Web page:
Monday, March 15, 2010

QUINT vs. SRPSKI FILM

Evo i prve AICN kritike SRPSKOG FILMA. Quint je skupio snagu da se oglasi:


Quint at SXSW says people have been hung for crimes against humanity less offensive than A SERBIAN MOVIE!
Ahoy, squirts! Quint here with another review from South By Southwest and this one is a doozy.
There came a moment a little more than half-way through A SERBIAN FILM where my jaw was literally hanging open. I had always assumed that was a figure of speech, an exaggeration of the moment of shock and sometimes I’ve feigned it when giving my friends a look during a particularly fucked up moment in a movie (which usually tend to be Japanese), but this time I realized that does happen in real life.
This moment I cannot reveal. It’s not that I don’t want to reveal a big spoiler in case you see the movie… there is a little bit of that, but the main reason is that taken out of context it will sound like shock for the sake of shock, something so offensive that it will probably make you write the movie off sight unseen.
I’m a pretty open audience member. I’ve seen some horrible shit… centipedes crawling out of an Asian lady’s vagina, animal endangerment and mutilation (thanks again to the crazy Asians and a special nod to the Italians), people taking a shit, people eating shit, people becoming shit, cocks being split, cocks being removed, cocks being jerked off until an orgasm of blood erupts from the head… There’s a lot of weird shit out there and I’ve seen much of it, usually at the Alamo Drafthouse.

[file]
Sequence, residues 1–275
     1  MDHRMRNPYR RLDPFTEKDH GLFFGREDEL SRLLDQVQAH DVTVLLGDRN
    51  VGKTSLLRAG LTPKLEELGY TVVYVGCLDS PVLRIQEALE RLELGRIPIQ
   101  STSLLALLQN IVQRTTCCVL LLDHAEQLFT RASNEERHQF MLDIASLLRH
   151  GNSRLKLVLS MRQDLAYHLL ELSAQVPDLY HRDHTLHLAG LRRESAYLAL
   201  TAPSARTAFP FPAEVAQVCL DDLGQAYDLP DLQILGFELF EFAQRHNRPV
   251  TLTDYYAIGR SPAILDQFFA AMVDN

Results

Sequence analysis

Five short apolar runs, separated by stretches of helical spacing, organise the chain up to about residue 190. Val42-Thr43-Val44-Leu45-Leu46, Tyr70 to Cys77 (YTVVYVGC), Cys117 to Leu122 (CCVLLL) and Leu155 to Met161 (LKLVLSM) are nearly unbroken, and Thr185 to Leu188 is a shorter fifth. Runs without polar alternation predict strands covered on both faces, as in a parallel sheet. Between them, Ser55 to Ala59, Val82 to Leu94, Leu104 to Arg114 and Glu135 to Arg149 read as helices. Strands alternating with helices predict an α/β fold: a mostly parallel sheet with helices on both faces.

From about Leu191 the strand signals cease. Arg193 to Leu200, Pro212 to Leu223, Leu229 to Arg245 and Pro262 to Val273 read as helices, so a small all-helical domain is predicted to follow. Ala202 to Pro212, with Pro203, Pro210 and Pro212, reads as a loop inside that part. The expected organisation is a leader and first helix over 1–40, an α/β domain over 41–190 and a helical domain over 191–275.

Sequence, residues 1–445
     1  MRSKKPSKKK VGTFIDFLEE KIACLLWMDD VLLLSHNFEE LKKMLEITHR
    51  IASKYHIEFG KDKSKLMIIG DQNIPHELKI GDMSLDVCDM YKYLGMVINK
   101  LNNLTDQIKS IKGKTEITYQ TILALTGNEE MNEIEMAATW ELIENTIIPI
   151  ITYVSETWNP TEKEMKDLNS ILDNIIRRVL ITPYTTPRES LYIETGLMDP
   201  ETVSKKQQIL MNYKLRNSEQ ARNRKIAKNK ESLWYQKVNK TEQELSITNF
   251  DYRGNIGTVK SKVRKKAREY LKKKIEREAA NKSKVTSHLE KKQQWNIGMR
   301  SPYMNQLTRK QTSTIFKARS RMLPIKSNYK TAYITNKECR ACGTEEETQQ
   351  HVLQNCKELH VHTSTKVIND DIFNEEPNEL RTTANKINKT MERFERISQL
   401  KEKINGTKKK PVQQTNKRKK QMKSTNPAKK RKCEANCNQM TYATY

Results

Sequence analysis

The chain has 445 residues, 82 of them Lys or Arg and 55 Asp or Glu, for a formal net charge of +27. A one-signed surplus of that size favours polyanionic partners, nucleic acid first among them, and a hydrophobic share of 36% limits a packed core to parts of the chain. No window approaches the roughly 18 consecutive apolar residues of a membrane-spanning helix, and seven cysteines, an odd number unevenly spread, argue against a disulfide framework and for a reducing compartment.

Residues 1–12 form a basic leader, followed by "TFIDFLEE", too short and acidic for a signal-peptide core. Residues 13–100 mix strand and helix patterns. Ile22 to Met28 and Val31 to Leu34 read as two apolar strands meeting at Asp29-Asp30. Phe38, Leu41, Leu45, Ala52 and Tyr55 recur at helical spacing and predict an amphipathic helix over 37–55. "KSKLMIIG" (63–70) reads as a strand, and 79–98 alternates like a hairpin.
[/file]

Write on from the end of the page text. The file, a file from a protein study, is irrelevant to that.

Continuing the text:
I’m not saying A SERBIAN FILM takes the cake for most offensive, but I can say without any exaggeration that this film was the first in a long, long time to make me feel genuinely shocked at what I was seeing. I mean deeply disturbed kind of shock.
A SERBIAN FILM is an ugly film, not in technical quality (it’s actually quite professionally done), but in its tone and feel much the same way Paul Schrader’s films are ugly films. It’s a film that slaps you across the face and dares you to stick with it and if you do you’re either going to be fuming mad at the filmmakers for putting you through all that shit or you’re going to be moved.